Carl Love

Carl Love

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10 years, 58 days
Natick, Massachusetts, United States
My name was formerly Carl Devore.

MaplePrimes Activity


These are replies submitted by Carl Love

@zenterix There is a distinction that must be made between declarations and statements, although that distinction has been fading over the years. In a module, the declarations must come before the statements. All of these are declarations:

local defaultSeed;
local defaultSeed:= 100;
export getSeed;
export getSeed:= ()-> defaultSeed;

But this is a statement:

defaultSeed:= 100;

Your error is that you have an export declaration after the above statement.

By combining the declaration of the names and the assignment of their (initial) values, it's possible to write useful modules that are all declarations, no statements. The majority of modules that I write are like that, as is the example that I gave.

For reasons that I don't understand, I seem to be the only one who does it this way. One benefit is that you don't need to retype (and possibly misspell) the variable name.

The reserved words local and export only need to be used once, each followed by a comma-separated sequence of variables with their initial values (exactly like the example I showed). I always do it that way. Sure, you can put local or export in front of every variable, but why would I type any word more than once if I don't need to?

You wrote:

  • One thing you might note is that I am literally trying to learn about Maple from the official documentation. I simply use what is there. Initially I was reading Chapter 8 about Modules of the Programming Guide....

Likewise, my entire knowledge of Maple comes from reading the official documentation (including the Programming Guide), this forum, the fora that existed before this, and experimentation. I haven't learned from any teachers or books about it. I've looked through many third-party books with Maple in the title, and I have many on my shelves. While most of these books do do a decent job of teaching whatever type of math they're trying to teach, their Maple content is appalling. The only exception that I've seen is Calculus the Maple Way by Robert B. Israel, who used to be a frequent contributor here.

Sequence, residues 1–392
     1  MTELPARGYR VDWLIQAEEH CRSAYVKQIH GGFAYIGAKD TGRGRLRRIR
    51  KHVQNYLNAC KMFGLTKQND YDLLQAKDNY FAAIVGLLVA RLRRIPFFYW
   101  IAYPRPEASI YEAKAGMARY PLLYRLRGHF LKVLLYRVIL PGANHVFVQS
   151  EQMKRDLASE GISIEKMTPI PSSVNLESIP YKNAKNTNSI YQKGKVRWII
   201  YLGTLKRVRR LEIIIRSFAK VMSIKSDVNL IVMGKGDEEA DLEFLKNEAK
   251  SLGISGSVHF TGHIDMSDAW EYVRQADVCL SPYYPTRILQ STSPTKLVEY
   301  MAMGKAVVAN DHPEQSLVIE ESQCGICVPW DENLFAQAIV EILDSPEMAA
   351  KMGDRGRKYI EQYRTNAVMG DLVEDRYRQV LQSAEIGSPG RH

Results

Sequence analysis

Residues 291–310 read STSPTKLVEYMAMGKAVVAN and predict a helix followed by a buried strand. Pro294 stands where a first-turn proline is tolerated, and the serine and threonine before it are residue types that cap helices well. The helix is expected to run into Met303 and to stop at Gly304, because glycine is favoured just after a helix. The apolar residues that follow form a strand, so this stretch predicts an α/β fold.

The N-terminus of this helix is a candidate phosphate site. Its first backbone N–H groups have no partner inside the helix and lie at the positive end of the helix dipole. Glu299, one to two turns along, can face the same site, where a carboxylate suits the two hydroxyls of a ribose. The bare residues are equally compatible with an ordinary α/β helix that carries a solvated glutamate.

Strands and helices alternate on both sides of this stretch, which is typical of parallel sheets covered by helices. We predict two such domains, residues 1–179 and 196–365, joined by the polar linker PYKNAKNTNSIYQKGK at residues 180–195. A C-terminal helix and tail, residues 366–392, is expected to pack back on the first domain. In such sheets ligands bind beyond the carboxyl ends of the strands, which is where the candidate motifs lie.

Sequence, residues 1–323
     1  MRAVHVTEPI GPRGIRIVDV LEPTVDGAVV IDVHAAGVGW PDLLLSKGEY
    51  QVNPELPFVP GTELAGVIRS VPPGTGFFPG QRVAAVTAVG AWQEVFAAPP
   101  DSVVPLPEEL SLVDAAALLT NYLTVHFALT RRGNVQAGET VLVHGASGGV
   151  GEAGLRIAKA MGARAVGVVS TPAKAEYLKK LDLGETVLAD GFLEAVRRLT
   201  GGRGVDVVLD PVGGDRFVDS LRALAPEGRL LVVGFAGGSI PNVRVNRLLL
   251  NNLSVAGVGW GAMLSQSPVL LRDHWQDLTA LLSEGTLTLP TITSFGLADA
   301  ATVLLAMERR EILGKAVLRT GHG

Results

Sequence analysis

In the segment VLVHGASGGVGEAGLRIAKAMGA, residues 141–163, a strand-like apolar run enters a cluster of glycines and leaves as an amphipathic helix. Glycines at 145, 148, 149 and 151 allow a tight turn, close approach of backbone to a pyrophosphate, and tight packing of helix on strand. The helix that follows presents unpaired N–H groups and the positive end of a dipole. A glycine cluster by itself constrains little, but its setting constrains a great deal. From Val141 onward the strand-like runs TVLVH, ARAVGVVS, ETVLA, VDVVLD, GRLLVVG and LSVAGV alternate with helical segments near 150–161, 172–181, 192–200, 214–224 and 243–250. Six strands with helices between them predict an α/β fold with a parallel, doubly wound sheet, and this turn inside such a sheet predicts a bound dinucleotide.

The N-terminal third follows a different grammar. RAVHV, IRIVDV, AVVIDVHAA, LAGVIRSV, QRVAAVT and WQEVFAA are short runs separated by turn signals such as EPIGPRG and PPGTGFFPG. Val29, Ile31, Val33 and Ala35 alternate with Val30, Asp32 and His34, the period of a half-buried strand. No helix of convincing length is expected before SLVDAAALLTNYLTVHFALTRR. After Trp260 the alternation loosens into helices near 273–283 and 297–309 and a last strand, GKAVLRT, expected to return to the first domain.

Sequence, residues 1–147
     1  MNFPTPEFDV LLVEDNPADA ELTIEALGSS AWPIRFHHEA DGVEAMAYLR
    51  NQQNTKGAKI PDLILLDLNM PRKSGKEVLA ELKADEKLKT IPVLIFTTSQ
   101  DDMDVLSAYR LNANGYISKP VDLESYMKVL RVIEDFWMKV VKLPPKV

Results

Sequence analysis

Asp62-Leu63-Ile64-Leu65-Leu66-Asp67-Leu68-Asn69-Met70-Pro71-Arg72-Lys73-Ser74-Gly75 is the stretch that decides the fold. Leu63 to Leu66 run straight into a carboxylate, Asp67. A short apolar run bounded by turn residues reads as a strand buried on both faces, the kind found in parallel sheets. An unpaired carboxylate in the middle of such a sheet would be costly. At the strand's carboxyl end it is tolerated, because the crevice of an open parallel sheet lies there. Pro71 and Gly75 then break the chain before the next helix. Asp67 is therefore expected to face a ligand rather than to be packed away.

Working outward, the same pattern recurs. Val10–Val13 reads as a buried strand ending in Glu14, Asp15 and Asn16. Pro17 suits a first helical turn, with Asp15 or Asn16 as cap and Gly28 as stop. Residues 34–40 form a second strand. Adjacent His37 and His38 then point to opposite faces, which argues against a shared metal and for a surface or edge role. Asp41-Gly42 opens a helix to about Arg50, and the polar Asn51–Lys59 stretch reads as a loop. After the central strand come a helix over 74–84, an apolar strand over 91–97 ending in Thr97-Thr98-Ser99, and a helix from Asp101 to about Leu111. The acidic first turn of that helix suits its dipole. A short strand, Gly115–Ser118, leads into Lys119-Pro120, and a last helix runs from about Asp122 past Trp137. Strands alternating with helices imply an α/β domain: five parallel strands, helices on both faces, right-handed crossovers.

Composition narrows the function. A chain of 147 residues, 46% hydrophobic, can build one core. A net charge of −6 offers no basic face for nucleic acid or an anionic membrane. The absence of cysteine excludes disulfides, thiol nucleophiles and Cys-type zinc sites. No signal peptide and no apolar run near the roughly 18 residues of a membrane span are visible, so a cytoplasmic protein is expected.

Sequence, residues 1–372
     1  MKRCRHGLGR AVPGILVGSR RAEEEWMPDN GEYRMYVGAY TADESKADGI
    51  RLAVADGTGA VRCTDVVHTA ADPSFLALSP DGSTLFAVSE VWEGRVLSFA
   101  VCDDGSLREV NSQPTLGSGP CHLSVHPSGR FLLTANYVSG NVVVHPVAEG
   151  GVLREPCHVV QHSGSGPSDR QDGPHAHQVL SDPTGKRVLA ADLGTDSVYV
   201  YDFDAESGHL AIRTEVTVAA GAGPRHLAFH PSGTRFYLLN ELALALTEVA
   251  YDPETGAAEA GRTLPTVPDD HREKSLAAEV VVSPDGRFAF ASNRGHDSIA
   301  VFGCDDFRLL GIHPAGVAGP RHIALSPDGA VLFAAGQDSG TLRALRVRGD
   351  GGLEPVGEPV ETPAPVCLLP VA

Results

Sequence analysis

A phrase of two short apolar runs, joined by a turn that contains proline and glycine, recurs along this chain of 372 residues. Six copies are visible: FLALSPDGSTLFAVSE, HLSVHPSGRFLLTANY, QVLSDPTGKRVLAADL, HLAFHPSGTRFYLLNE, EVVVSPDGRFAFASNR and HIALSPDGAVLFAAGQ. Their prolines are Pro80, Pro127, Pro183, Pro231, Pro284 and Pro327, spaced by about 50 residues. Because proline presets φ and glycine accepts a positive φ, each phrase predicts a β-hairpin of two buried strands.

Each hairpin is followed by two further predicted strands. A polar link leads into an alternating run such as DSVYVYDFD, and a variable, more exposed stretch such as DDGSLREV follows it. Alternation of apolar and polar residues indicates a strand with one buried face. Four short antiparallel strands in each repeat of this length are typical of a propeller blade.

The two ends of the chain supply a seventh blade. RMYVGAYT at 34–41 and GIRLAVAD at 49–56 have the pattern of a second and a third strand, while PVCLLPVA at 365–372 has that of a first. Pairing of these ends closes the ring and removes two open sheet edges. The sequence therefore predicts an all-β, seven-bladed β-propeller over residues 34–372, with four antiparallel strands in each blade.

@bstuan I'm trying to not give away too much of the solution here, but if I choose the simplest possible examples for g1 and g2, then I get a limit of 0 for one of them, and 1 for the other.

And note that you should be calculating the limit of f(x, g1(x)), etc., rather than f(g1(x)) (which you've typed above).

@ecterrab You wrote:

  • I am forwarding the problem you posted to the people who take care of that, adding it to the database of issues too.

At this point, I don't see any "issue". Perhaps you should wait for clarification from the OP before forwarding. I've already asked for that clarification.

@acer An even better plot can be made by specifying adaptive=true (or, equivalently, simply
adaptive)[*1] and "anchoring" the zeros with sample:

plot(abs(sin(x)/x), x= -2*Pi..10*Pi, sample= Pi*~[$-2..10], adaptive);

[*1] A curiosity: Using a keyword option as an argument without specifying a value is equivalent to setting the keyword to true, regardless of the declared type or default value of the keyword. Example:
P:= proc({opt::anything:= ()}) opt end proc:
P(opt);

                             
true
One may debate the robustness of making use of this feature.

@one man Just 👨 😪 😢 ❤️ 😍 because there's no 👎 menu-based way to enter them pre-programmed into the MaplePrimes interface, that doesn't mean that they can't be entered. You can use character-based methods or a touch-screen 🔑 🗝 🔐 🔟 #️⃣ 3️⃣ keyboard app.🍁 (All the above were automatically generated suggestions by my Samsung keyboard app, which gives menu-based access to 1000s of emojis.)

I changed this from a Post to a Question. Please put questions in the Questions section from now on.